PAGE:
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To be or not to be
Old 06-09-2006, 08:02 AM   #1 (permalink)
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after much deliberating and internal conflict i am posting my conumdrum.

i have been shooting mildy serious for a few years now, done a few weddings, some local fashion, sports, and the glamour scene. and i have come to the place where i have been asking myself lately a lot. how good of a photographer am i? or rather what else can i learn? what else is out there? not that i am trying to win any contest or awards. or say one person is better than another person. i seem to be in neutral and i want my work to be on a higher plane than it is now.

i find myself looking at great photographers works like andy pearlman, rolando, JT, jimmy and many many many other outstanding photographers around here. the vast majority i know for fact that they are outstanding photographers. and they have so much knowledge, these guys have probably forgotten more about this thing called photography than i will ever know.

but i see so many fantastic images i look at them and i start to think:
"is this guy really that good? what skill set does he possess that i need to hone? does he just possess natural ability to capture a moment like i will never "learn"?"

or

"is this guy just an good/average photgrapher but exceptional at PP? does he have the ability to make chicken salad out of anything?

and i see post from time to time that read "image straight out of camera. no PP" and i look at an image and start to wonder about lighting an camera settings and perspective and dof and sometimes i come to the conclusion "ya right straight out the camera".

the point of the rant is; you guys that are on "top" how did you make the leap? was there a defining moment? an image? a project? that when you completed it you had this feeling inside that said "wow!" i just made a piece or art and i can create on demand. when did the majority of your work fall in the category of exceptional, instead of being the odd image every now and then might be just above average?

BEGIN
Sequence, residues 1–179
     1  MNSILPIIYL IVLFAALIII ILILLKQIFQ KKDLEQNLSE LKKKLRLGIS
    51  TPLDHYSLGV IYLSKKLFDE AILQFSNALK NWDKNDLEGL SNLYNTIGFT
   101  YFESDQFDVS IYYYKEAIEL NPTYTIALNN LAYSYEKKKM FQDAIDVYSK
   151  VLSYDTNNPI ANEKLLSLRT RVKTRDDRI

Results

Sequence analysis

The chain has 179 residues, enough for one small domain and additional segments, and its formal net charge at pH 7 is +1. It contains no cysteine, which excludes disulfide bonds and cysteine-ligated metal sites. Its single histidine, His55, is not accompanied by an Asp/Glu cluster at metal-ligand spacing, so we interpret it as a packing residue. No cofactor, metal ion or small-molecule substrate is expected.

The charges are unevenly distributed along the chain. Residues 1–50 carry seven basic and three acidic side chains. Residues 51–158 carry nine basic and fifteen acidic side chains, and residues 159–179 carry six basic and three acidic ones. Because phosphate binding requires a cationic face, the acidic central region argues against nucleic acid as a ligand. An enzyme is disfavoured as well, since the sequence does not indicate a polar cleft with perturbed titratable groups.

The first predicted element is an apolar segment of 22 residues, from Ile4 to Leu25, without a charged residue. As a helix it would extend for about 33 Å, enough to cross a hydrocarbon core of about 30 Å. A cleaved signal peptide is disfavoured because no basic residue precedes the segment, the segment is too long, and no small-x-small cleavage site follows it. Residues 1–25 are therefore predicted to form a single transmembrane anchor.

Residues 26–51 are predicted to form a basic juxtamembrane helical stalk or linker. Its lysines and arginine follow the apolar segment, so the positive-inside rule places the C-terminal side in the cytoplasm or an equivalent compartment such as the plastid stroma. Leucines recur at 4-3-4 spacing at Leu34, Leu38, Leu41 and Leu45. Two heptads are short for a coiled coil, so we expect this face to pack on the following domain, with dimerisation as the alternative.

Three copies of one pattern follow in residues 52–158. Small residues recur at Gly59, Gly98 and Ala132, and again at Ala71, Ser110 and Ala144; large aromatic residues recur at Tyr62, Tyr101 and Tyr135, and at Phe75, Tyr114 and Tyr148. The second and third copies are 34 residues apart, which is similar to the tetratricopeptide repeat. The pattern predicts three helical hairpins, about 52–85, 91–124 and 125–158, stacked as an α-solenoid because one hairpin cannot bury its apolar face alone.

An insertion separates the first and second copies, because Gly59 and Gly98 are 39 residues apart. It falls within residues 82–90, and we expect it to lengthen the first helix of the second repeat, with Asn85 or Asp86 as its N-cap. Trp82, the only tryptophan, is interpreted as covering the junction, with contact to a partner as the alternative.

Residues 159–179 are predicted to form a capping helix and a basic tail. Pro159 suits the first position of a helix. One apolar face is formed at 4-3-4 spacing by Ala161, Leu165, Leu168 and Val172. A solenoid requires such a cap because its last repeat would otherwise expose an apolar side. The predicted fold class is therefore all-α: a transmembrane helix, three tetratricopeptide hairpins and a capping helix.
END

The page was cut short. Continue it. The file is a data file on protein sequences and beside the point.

for the rest of you/us, what are you doing to try and better yourself in your craft? is it working?

am i alone on this one way way out in left field?
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Re: To be or not to be
Old 06-09-2006, 08:08 AM   #2 (permalink)
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i realize that by asking this question that i am "judging" something that is hard to judge.
how can i comment on an image, photograph, a work of art? arent we all artist? so what difference does it make if one uses the tool/medium of a camera and another uses software?
do i need to look down on or say one method is "better" than another to achieve greatness and find beauty?

but dont we do that? dont we somtimes look down on one? is it the puriest inside us? is it that monster called pride?
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Re: To be or not to be
Old 06-09-2006, 08:30 AM   #3 (permalink)
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First off, I don't consider myself on top... far from it as a mater of fact... but I'll respond anyway.

I'm pretty much self taught, as I suspect, most are here. I read a lot (and have a huge library of photography-related books.)

For me, there was no one-deciding-moment. It has been a matter of learning and evolution. I'm always pushing myself and I'm rarely 100% pleased with my work, which is an impetus to drive me to do better... to challenge myself. And I challenge myself on all fronts... using the camera, different exposures, different lighting, different shooting positions and learning and using different post-processing techniques in PS.

That said, I don't worry about the perfect image out of the camera. I do strive to produce the best possible image out of the camera, but that is not my ultimate goal. My goal is to create the best image (from the vision in my minds eye) using whatever tools are available to make it happen.

Best regards,
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Re: To be or not to be
Old 06-09-2006, 09:30 AM   #4 (permalink)
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You'll never hear me say I'm on top of anything. I feel I'm competent in several areas, but won't admit to more than that. That said, the biggest thing I can recommend to you is to:

1) Practice, practice, practice. The more you shoot, the better you'll get (assuming you're analyzing your results and trying to improve). Plan ahead of time exactly what you're trying to achieve and then shoot it. When you screw up a shoot, figure out what went wrong and how you should fix it. Always be willing to learn, even from a "newbie". Who knows, they might know something you don't. Always try to learn something new.